Nap Note:
La Belle Paméla
31 January 2019

¶ Yesterday was the first day of convalescence that didn’t seem odd, that I didn’t feel adrift. I had a to-do list, and I got everything on it done, except for changing a $20 bill for two tens so that I can finally complete our Christmas present to grandson Will. It was idiotically satisfying to check things off. 

As a result of all the activity, my foot was fairly swollen last night, and, as usual, I found it hard to believe that a night’s sleep, stretched out in bed, would really undo that, but it did, as usual. The result of this see-sawing is that I feel optimistic in the morning and a pessimistic at bedtime. Maybe it isn’t the see-sawing; what could be more natural than to feel hopeful in the morning and fearful in the dark? Slowly, bit by bit, the foot appears to be returning to normal. The daily infusions appear to be doing their job. I never manage to stay off my feet as much as I think I ought to do, but it doesn’t seem to have any lasting effect. I am waiting for some extra-wide canvas shoes to arrive from an online outfit that specializes in wide shoes for men (which I will need anyway, even after the infection is completely vanquished), so that I can stop wearing a now-shapeless rag sock on my right foot while my left is more comfortably shod in a slipper.

But the absence of oddness, I know, had a lot to do with getting used to the absence of drink. It isn’t so much the drink, which so far I don’t crave and don’t even much think of (except at moments in the evenings when water begins to taste insipid), as it is the consequences of not drinking, viz a clear head. Having a clear head all day means that I don’t spend time stumbling around with a mild headache or reproving myself for a mite of overindulgence (as if overindulgence were the problem). I don’t throw up my hands and give up for the day, resigning myself to being good for nothing. I don’t do all sorts of negative things that used to take up a lot of time. What do I do with that time?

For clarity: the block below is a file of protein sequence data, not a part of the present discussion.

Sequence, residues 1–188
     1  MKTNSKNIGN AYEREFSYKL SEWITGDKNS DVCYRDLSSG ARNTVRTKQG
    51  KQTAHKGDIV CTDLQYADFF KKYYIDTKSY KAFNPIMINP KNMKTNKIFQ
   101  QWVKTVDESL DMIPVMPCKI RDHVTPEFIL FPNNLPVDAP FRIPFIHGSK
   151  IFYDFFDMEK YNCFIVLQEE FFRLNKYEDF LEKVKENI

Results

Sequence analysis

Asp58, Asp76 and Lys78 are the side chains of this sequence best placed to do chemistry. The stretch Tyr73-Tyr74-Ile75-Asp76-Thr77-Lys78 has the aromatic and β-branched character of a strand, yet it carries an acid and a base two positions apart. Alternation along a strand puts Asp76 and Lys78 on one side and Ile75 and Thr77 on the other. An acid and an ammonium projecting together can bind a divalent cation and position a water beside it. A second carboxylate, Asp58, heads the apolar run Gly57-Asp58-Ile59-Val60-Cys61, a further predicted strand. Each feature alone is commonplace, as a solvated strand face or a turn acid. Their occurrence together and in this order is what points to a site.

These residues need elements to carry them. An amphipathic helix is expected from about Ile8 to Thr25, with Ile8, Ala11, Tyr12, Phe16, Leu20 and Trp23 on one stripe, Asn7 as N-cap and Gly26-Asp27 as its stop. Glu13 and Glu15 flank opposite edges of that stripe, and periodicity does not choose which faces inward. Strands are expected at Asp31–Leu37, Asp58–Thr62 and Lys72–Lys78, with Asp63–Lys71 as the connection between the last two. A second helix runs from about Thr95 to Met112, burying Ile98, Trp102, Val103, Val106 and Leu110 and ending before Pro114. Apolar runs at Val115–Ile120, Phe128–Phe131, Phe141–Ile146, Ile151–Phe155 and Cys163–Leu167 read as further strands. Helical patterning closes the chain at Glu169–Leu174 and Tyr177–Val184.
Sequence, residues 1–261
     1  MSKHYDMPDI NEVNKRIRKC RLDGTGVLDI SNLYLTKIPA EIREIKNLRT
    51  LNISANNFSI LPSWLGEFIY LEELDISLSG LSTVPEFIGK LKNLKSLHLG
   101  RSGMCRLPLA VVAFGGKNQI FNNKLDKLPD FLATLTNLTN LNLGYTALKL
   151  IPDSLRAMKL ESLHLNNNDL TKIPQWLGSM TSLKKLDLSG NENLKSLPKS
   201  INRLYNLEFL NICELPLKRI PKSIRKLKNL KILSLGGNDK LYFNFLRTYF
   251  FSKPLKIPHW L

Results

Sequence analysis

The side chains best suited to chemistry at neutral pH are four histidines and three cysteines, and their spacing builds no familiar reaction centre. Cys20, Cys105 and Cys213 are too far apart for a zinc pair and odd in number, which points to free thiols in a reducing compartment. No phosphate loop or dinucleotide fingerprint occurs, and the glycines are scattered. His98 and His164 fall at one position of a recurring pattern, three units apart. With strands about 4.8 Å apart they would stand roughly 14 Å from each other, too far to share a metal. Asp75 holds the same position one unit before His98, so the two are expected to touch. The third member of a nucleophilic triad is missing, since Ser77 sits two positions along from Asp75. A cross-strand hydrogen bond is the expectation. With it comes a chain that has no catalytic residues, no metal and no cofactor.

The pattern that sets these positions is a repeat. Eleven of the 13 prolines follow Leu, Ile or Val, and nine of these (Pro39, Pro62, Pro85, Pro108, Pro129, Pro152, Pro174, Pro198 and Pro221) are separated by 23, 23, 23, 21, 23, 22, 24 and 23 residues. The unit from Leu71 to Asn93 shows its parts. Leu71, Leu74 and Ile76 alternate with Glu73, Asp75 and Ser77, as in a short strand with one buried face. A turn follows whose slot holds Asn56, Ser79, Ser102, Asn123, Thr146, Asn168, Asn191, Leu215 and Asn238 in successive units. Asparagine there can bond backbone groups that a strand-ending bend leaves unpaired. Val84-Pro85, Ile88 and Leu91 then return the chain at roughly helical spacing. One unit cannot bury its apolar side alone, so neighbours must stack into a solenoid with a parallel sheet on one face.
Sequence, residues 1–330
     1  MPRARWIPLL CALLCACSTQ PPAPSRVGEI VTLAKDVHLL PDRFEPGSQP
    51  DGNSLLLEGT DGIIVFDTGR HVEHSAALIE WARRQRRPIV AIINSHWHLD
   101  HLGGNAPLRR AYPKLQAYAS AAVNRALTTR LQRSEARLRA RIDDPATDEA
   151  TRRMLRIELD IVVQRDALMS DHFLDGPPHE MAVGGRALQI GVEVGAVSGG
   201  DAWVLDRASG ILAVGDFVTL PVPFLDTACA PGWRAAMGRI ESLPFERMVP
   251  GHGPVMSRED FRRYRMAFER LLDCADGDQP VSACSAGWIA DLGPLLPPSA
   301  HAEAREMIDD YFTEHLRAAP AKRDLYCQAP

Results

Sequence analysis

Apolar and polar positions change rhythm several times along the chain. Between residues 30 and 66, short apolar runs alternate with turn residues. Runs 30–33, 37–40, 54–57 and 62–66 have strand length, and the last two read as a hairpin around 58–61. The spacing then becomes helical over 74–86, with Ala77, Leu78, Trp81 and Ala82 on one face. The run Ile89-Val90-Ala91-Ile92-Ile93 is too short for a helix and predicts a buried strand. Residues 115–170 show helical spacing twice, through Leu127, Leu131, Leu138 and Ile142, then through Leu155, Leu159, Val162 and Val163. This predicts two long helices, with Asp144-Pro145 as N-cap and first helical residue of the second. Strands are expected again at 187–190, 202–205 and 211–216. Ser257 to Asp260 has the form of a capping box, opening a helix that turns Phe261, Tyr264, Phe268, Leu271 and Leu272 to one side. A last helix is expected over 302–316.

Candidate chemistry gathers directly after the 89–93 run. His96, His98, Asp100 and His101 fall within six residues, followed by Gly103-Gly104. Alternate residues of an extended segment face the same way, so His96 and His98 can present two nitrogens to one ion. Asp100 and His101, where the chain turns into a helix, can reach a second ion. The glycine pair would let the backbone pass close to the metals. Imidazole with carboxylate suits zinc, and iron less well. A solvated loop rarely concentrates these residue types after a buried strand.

On my to-do list yesterday was “nap, 3-6.” The idea was not to go to sleep but to get into bed and watch a movie. Getting into bed for two hours — the three hours scheduled on the to-do list indicated a time frame, not a duration — kept me off my feet, and the movie gave my reading-and-writing eyes a break. I watched François Truffaut’s La Nuit Américaine, which I’ve seen only once before. (It’s called Day for Night here.) Why just now for a second look? Many reasons. Jacqueline Bisset, of course; she’s at her most gravely beautiful, as ravishing as Charlotte Rampling but altogether without the discontent and hostility. Graham Greene — did you know that the novelist has a cameo role? He plays some sort of insurance adjuster, and he delivers his one long line as if he were the most constipated habitué of Clubland, impossible to imagine chatting with Shirley Hazzard on Capri, much less dwelling on the thorns of Catholic faith. More seriously, Nuit is a droll movie about the weariness of filmmaking that is never quite funny. It ought to be funny — think of Madame Séverine blowing take after take of a lengthy scene by opening a closet door instead of the right one — but one is driven mad with sympathetic exasperation that, even more madly, the director, Ferrand, does not share. Truffaut himself plays Ferrand, as a figure of almost insane buoyancy and infinite adaptability, someone who does a great deal of cajoling, but  but who never resorts to authoritative diktat — not with the actors, anyway. Is that how Truffaut really worked? Finally, I was hypnotized by the title of Ferrand’s film: Je Vous Présente Paméla. I’d been mumbling this over and over for days. 

Also on my list was an errand to Fairway to buy lemons, for Kathleen’s Arnold Palmers. Somehow I’d forgotten to put lemons on Tuesday’s shopping list. I went early, and was rewarded with an almost empty store. Temperatures were at a record low, but I managed the short expedition without too much discomfort. I wore the other slipper, of course, not the sock,

And I typed up all those writing project notes before they became incomprehensible. It was only because I had read them over several times the day before that I was able to decipher them at all.

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